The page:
0Data (Thoughts/Questions)

Discussion in 'General Webmaster Support' started by rover2341, Sep 22, 2014.

  1. rover2341

    rover2341 Is riding a roller coaster...Wee!

    +114 / 0 / -0
    What Is 0Data

    The purpose of the Open Data protocol (hereafter referred to as OData) is to provide a REST-based protocol for CRUD-style operations (Create, Read, Update and Delete) against resources exposed as data services.

    You setup rights and rules, and put in the framework. after this is done then the client can query the db directly using oDatas query lanq. You can do things like paging or grouping tables.


    Lets say you have 100 fields, and the website really just needs 10 apis, pulling different amounts of data and pushing different amounts of data back.

    And then lets say all of those apis change slightly and need 1 more thing in them or 1 less. Now you need to rewrite the api, rewrite the JavaScript that calls it (at least for the update ones).

    With OData you could just ask for the data your allowed, and it will give it too you. Zero API Changes required.
    That only needs changed when the rules on the data (tables, and table cols) you can read, or write to change.

    oData like Fully Restful APIs, require no documentation, as all the data can be obtained by hitting the top node. and working your way downward.

    oData is already in nearly all Microsoft products since 2010. After this its setup, i can go to excel put in my login (assuming required) and then pull down any data i want.

    • Data Control - Lets say they cant see your own ssn anymore, you change it one spot. and done. the people calling have no more rights to it.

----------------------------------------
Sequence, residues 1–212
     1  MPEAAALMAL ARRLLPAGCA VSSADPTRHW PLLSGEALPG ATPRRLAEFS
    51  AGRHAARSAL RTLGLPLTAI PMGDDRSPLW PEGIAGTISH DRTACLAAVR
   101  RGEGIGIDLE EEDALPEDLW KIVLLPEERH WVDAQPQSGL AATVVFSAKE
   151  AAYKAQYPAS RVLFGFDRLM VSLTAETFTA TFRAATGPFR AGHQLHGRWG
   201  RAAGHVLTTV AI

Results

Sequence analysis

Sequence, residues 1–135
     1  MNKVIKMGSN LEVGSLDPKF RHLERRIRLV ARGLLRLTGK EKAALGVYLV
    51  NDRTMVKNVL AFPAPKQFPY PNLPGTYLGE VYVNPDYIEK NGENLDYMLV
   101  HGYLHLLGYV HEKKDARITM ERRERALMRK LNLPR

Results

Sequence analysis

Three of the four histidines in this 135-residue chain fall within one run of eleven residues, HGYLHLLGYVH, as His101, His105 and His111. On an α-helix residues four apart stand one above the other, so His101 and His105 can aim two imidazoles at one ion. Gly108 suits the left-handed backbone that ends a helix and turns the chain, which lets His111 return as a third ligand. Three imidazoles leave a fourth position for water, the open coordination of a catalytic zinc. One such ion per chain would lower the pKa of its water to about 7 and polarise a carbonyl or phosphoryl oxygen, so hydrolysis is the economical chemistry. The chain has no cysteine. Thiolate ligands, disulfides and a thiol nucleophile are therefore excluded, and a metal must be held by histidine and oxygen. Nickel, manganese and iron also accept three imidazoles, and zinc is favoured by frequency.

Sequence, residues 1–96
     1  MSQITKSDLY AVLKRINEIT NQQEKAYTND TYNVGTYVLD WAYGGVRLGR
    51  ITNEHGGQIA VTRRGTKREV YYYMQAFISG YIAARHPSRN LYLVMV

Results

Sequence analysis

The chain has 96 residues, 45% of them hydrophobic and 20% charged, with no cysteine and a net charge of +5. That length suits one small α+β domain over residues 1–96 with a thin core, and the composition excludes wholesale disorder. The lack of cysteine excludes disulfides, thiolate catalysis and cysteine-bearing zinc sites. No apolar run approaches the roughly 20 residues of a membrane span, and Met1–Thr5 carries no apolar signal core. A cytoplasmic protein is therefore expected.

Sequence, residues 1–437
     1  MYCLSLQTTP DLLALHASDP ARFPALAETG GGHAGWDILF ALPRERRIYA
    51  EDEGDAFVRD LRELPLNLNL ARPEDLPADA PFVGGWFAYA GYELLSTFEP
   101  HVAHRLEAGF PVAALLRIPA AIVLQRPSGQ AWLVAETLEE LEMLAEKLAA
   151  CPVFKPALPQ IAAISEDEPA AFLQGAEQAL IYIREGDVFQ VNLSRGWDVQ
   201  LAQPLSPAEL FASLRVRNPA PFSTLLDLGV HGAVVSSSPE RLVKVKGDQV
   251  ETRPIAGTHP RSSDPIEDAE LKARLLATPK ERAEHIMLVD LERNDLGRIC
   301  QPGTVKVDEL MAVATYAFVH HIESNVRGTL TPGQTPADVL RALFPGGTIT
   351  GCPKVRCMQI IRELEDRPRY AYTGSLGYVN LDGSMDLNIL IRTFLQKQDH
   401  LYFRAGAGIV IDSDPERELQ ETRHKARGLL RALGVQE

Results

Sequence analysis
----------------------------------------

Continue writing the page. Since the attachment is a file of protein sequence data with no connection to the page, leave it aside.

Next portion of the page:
• 90% of APIs cant reduced and used though this. some that need exactly 4 fields and then need to run some c# and additional business logic would be better served using a standard API
    • Very Open, When a API needs to add one more field, then it can be done straight on the client, its not required to go back and add or change in existing api.

    • Most Webpages that get info put into them are put in before hte page is even sent, reducing the usefulness of oData. As it may be done in php or C# ect anyway.
    • Additional Layer of complexity.
    • Could be considered less testable. as before all the apis had one less layer. And they total amount of openess of the db was extremely reduced to just the few things that were really required.
    • Due to the openness, the risks are higher, if the rules arnt setup correctly someone could wipe the entire db. Also they could access more then they should if things were not setup correctly.
    My Use Case

    We have 4 programmers, 1 is more of designer but does some JavaScript. For the most part we pull from the same data sources. But often a page needs a field added or removed or an additional api needs made to get more data, and another changed.

    Some times I do all the parts. (Add/Update API, Update/Add JavaScript call to push or pull the from the api correctly) This may not seem like a big deal. But it IS. More often then now after this is done, there is more changes required! as things change so often its some times madding. but i have accepted that's my fate things are gona change and they gona change often, I have no control over this.

    But when i have those 2 things done and i am working with someone else, (or just my self) it can take hours to go back and forth, for small changes. Huge waste of my time I could be reading comics...i mean working.
    So With this setup, It removes the need to EVER change the apis unless there on of the 10%..

    I am trying to figure out if its worth implementing this or more of the pros and cons. not just for my use case but in general. Id like more opinions on this.

  2. jonas

    jonas Well-Known Member

    +42 / 4 / -0
    Well, do you find yourself in such a situation frequently (it can take hours to go back and forth, for small changes)?
    Would it be more fun for you *and your team members* to develop with that API in those cases?

    I never used oData, but it looks like a lot of fun. I can think of many scenarios where it might have been useful, but you should check if your team likes working with it.

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